What is "Good Mental Health”?
Today is World Mental Health Day (October 10), so I’m dedicating today's blog post to raising awareness about how to improve mental health...starting with yourself. The best way to improve your mental health is to start by taking better care of yourself.
“Health is a state of complete physical, mental, and social well-being and not merely the absence of disease or infirmity. Mental health is an integral part of this definition.” - World Health Organization (WHO)
Good mental health is about more than just the absence of mental illness or emotional problems. Being mentally “healthy” is about your overall well-being. It’s when you realize your own abilities, you feel able to cope with life’s normal stresses, and you can function productively at work or school, and you can be part of a social network. Your mental health is the foundation for a happy life and relationships.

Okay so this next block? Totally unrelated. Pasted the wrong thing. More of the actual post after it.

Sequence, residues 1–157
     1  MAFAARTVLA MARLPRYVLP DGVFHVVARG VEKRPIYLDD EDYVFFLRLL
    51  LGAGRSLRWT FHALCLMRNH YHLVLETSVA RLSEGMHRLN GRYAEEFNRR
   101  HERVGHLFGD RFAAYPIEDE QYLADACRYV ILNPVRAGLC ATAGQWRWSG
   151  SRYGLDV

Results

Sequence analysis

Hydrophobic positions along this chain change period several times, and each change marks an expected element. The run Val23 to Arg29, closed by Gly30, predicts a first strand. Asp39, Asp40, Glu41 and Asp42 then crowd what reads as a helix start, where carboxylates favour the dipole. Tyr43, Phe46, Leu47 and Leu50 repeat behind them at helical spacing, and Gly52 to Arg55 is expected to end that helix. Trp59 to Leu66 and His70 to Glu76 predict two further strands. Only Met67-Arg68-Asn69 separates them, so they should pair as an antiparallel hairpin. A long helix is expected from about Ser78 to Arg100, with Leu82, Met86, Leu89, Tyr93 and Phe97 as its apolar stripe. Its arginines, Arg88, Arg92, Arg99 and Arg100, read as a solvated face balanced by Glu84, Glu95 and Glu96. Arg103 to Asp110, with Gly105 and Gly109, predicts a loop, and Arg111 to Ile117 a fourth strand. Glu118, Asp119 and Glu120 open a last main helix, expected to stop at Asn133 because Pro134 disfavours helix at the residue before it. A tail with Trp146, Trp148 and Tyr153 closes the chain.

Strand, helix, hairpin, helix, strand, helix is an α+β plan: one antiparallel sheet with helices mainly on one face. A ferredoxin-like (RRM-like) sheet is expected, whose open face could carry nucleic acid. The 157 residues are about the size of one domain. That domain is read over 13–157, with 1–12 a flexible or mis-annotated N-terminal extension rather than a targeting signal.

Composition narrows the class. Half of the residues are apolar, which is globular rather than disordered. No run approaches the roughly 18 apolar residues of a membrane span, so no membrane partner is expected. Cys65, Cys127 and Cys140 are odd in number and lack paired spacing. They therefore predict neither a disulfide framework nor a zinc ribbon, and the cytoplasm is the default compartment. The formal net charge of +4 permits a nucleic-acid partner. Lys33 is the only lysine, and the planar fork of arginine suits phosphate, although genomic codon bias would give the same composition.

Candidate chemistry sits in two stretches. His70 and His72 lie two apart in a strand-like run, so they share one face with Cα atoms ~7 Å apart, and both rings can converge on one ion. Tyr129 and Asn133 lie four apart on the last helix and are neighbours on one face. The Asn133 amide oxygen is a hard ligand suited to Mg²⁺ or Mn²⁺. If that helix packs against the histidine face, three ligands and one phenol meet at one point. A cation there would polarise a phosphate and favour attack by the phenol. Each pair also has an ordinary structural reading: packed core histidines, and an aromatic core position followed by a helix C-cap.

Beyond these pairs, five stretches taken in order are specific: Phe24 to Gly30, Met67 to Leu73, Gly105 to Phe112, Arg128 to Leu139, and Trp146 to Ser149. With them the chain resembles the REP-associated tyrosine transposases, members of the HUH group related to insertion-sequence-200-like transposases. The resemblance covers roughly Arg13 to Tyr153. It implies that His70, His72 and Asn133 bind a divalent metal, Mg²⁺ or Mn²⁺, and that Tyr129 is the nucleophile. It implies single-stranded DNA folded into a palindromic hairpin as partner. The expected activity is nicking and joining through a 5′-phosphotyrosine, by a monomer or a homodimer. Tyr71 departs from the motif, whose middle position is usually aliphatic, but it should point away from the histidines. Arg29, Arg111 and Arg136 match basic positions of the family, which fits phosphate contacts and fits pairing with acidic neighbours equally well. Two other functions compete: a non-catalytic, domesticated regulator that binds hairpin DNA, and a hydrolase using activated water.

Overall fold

Put On Your Oxygen Mask First
If you've ever flown on an airplane, you’ve probably heard the flight attendant say, "Make sure you put your oxygen mask on first, before helping others." This isn’t just a rule for airplanes… it’s critical to well being in general.
If you pass out from running out of oxygen while trying to help someone else, you both suffer. You can’t really help anyone else until you help yourself. This is a metaphor I tell my clients all the time, especially the good-intentioned, big-hearted ones who are always running around taking care of everyone and everything except themselves.
Want to Help Someone?
Maybe you already take care of yourself, but you’re worried about someone else. It’s really difficult to worry about a loved one, especially when they are struggling with mental health problems. The truth is, modeling good self care is the best way to encourage other people to do the same for themselves. Seeing how someone makes efforts to take care of themselves can inspire others, and it ensures that you actually have the energy to help out when they need you.